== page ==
Zimbabwe has launched a new currency - the bearer cheque - in an attempt to ease the country's severe economic crisis.
Queuing has become a way of life in Zimbabwe
The central bank said the cheques were only a temporary measure and would not replace the Zimbabwean dollar.
Inflation rose to a unprecedented 426% in August, one of the highest rates in the world.
There have been massive money shortages but the government has resisted calls for larger denomination banknotes.
The cheque is seen by some as a way of avoiding higher denominations.
"It can only be so they can tell Mugabe they haven't had to issue a bigger banknote," a senior Harare bank executive told the government-owned Herald newspaper.
"He seems to need reassuring that Zimbabwe is not really a banana republic."
The bearer check will be valid as legal tender until 31 January and will be dispensed from cash machines.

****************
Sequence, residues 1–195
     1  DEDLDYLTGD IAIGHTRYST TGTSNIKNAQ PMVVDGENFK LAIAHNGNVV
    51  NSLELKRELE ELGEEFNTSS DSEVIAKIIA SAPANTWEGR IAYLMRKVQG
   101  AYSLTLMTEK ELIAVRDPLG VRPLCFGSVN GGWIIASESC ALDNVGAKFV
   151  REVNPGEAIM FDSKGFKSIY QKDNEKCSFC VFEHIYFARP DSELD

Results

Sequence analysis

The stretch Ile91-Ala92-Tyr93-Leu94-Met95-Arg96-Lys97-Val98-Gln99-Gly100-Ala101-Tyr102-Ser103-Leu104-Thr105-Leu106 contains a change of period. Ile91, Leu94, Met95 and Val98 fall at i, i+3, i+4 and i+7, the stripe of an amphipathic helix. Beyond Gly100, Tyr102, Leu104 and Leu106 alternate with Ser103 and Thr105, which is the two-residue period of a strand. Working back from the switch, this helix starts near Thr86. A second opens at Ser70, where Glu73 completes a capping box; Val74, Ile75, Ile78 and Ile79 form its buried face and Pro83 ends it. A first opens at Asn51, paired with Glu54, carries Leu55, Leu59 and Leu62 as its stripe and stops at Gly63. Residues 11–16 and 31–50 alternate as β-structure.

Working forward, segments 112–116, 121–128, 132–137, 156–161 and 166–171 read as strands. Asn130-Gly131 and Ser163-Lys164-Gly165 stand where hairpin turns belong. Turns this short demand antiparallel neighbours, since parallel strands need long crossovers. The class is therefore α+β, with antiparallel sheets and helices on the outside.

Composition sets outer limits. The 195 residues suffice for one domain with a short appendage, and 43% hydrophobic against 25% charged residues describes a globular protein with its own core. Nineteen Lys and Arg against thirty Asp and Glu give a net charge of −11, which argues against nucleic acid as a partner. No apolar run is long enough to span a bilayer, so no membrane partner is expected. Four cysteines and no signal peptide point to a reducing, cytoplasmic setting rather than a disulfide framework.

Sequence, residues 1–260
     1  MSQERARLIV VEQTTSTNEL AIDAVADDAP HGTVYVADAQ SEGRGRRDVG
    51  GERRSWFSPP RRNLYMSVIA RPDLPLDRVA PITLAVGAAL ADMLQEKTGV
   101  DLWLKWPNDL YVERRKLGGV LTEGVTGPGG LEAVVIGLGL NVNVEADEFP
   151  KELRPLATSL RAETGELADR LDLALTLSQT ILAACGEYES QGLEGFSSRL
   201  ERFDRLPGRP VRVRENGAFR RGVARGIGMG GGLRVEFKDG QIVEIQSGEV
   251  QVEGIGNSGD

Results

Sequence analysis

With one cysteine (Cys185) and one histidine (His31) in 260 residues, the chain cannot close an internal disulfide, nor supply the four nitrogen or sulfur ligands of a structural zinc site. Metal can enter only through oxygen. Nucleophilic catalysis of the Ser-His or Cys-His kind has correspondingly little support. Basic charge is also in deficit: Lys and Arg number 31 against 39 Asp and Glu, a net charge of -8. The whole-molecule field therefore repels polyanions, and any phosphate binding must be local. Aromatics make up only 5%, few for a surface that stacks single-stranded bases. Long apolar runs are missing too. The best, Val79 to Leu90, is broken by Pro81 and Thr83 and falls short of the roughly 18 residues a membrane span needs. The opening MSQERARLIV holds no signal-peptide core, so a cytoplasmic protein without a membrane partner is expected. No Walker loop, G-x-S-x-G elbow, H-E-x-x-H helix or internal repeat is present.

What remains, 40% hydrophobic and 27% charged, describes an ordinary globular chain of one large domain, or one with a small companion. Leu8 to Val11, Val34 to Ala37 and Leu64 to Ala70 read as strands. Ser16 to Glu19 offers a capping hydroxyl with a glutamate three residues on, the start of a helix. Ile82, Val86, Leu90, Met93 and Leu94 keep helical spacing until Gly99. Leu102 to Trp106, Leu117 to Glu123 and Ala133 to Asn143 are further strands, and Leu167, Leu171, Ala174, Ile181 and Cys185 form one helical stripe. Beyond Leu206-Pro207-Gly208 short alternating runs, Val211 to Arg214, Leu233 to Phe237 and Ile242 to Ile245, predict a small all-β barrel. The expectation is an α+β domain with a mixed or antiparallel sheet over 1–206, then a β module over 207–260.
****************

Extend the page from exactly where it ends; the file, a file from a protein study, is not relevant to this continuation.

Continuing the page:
The notes can be used to buy goods and services just like banknotes, officials say.
The central bank in August issued a range of local travellers' cheques valid only in Zimbabwe but described by some people as "funny money," many businesses refused to accept them.
Queues outside banks are now commonplace and sometimes the crowds turns violent.
Customers have slept on pavements in order to be first in line when the banks open.
Many banks are only allowing withdrawals of less than 10,000 Zimbabwean dollars ($12) a time.
Zimbabwe's desperate economic situation is attributed partly to the government programme which seized commercial farms from white farmers for redistribution to black Zimbabweans.